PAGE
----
Thursday Jobless Claims Likely to Justify Fed Rate Cut

by Dennis Jacobe, Chief Economist

Gallup’s hiring measure projects Thursday’s four-week jobless claims will hit new high for year

PRINCETON, NJ -- The Federal Open Market Committee's (FOMC) dramatic cut in interest rates to a target range between 0% and 0.25% reflects the degree of concern it has about the economic outlook and its need to do everything possible to stop the current economic plunge. Gallup's data suggest the FOMC has reason to be concerned as Gallup's hiring measure suggests U.S. employees' perceptions of the job situation at their companies continued to deteriorate during the week ending Dec. 13. The net difference between hiring and firing, now at zero, suggests that Thursday's Labor Department report of seasonally adjusted jobless claims for the week of Dec. 7-13 will likely exceed the 560,000 consensus estimate as the U.S. economy continues to lose jobs at an alarming rate.


Jobs Continuing to Disappear

Last week, the government reported that first-time unemployment claims surged to a 26-year high of 573,000. This was expected because Gallup's Net New Hiring Activity measure (the percentage hiring minus the percentage letting go) had fallen to a new low for the year. Given last week's surge in unemployment claims, it is perhaps not surprising that the economists whose estimates form the basis for the consensus forecast have projected a moderation in jobless claims -- they expect them to drop slightly to 560,000 for the week ending Dec. 13.

While a number of variables make it hard to predict the exact number of new unemployment claims the Labor Department will report on Thursday morning, Gallup figures suggest seasonally adjusted jobless claims are likely to exceed the 560,000 consensus estimate. In addition, the seasonally adjusted four-week average of Gallup's hiring measure suggests seasonally adjusted four-week average jobless claims continued to increase during the week that ended Dec. 13 and likely hit a new high for the year, surpassing last week's four-week average of 540,500.


Jobless Claims Will Push Fiscal Stimulus

Given the numerous announcements of new job layoffs and the obvious sharp decline in overall economic activity, the continuing deterioration in Gallup's hiring measure and the continued surge in jobless claims it implies are not surprising. Still, the new high for the four-week average of first-time unemployment claims projected by Gallup's hiring measure implies that the unemployment rate is likely to surpass 7% when it is next reported in the first week of January 2009.

Obviously, the Fed has said it will continue doing everything it can to promote increased economic activity -- but as today's FOMC decision reflects, it is limited in how much more it can do.

Surging job losses and the inability of the Fed to do much more to help the economy are likely to create significant political pressure for the new Congress to pass a major new fiscal stimulus plan immediately and get this new legislation before President-elect Obama as soon as he is inaugurated on Jan. 20. In fact, the only real limitation on the size of the stimulus plan may be how fast the government can actually find ways to spend new money. As a result, there may be talk of a multiyear stimulus effort when the new Congress convenes.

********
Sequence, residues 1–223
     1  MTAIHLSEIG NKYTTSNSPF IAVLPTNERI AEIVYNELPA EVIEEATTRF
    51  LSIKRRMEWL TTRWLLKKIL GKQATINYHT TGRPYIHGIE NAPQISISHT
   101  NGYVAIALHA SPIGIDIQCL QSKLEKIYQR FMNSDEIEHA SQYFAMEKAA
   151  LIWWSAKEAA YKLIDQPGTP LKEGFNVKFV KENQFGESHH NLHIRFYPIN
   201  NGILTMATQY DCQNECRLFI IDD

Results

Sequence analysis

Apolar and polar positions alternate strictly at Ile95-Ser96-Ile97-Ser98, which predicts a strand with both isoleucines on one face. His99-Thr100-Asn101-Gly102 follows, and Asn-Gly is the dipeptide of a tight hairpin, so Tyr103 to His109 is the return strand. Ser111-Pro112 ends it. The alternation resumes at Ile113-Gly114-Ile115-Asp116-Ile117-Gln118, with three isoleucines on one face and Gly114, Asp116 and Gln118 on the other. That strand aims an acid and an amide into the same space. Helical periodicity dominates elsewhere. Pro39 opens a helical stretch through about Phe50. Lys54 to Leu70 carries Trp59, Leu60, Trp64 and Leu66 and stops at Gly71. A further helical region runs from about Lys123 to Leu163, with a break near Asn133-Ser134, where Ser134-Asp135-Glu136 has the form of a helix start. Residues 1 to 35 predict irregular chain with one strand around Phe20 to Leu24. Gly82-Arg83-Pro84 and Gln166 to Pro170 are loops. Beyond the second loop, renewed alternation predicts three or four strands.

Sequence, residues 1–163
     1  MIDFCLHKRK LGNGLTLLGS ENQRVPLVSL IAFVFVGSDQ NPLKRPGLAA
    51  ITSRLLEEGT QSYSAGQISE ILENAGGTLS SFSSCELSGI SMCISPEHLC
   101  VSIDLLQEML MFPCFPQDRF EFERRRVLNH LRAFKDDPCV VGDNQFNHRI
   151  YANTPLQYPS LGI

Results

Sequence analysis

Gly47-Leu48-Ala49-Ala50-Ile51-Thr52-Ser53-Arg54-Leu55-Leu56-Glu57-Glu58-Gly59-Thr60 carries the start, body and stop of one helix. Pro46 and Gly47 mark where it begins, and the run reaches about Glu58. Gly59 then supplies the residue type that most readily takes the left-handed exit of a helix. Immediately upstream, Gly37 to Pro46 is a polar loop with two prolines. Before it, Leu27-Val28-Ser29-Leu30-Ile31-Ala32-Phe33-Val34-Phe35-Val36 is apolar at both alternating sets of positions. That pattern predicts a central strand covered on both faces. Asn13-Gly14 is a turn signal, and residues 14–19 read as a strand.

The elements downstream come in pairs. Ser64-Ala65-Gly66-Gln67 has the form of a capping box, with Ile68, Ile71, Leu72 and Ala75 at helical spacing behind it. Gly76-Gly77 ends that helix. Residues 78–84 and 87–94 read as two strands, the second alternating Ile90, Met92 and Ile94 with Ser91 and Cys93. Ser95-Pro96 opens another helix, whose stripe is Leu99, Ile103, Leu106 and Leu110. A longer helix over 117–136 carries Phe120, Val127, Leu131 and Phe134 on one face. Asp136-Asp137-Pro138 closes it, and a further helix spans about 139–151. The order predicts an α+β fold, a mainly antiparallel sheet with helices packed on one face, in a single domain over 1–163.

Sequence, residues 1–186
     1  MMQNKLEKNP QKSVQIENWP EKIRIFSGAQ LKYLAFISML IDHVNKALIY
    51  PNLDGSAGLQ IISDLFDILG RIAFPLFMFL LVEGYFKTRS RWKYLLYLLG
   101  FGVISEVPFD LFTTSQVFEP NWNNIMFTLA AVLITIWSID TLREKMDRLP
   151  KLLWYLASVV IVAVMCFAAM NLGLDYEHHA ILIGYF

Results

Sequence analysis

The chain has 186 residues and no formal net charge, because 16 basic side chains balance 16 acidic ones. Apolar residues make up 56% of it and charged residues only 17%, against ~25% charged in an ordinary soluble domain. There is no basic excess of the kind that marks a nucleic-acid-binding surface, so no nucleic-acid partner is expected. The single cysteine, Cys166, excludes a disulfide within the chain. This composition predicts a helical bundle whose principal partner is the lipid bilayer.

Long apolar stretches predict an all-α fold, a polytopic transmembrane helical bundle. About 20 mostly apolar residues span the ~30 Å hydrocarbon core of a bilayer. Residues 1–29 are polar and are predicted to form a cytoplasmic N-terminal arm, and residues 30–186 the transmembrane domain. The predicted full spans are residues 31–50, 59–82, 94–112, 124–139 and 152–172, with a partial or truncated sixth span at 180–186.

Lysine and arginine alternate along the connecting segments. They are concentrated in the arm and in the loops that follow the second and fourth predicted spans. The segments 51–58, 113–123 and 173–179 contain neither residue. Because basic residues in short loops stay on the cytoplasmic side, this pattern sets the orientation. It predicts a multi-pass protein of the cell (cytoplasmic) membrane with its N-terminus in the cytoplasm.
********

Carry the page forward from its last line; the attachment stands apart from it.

The likelihood that there will be aggressive government efforts to stimulate the economy early next year provides hope that the current economic decline may bottom out by midyear. In a very real sense, however, the intense political pressures for spending next year create the potential for serious unintended consequences. While a major fiscal stimulus is necessary, it needs to be designed so that it does not "crowd out" the private sector. Real recovery will be achieved only when the private economy begins to reaccelerate.

Survey Methods

Using weekly results for 2008, Gallup's analysis suggests that its hiring measure has a better than 7-in-10 probability of correctly projecting the direction of weekly jobless claims and a better than 8-in-10 probability of predicting the direction of the four-week average of jobless claims. Gallup's hiring measure is based on aggregated interviews with a nationally representative sample of more than 2,000 U.S. workers each week. Gallup asks current full- and part-time employees whether their employers are hiring new people and expanding the size of their workforces, not changing the size of their workforces, or letting people go and reducing the size of their workforces. Gallup's hiring measure is computed by subtracting the "letting go and reducing" percentage from the "hiring and expanding" percentage. The assumption is that employees across the country have a good feel for what's happening in their companies, and that these insider perceptions can yield a meaningful indication of the nation's job situation.

Gallup's Net New Hiring Activity measure was initiated in January 2008. It is an effort to assess U.S. job creation or elimination based on the self-reports of more than 2,000 individual employees aggregated each week about hiring and firing activity at their workplaces. For results based on these samples, the maximum margin of sampling error is ±3 percentage point.

Interviews are conducted with respondents on land-line telephones (for respondents with a land-line telephone) and cellular phones (for respondents who are cell-phone only).

In addition to sampling error, question wording and practical difficulties in conducting surveys can introduce error or bias into the findings of public opinion polls.

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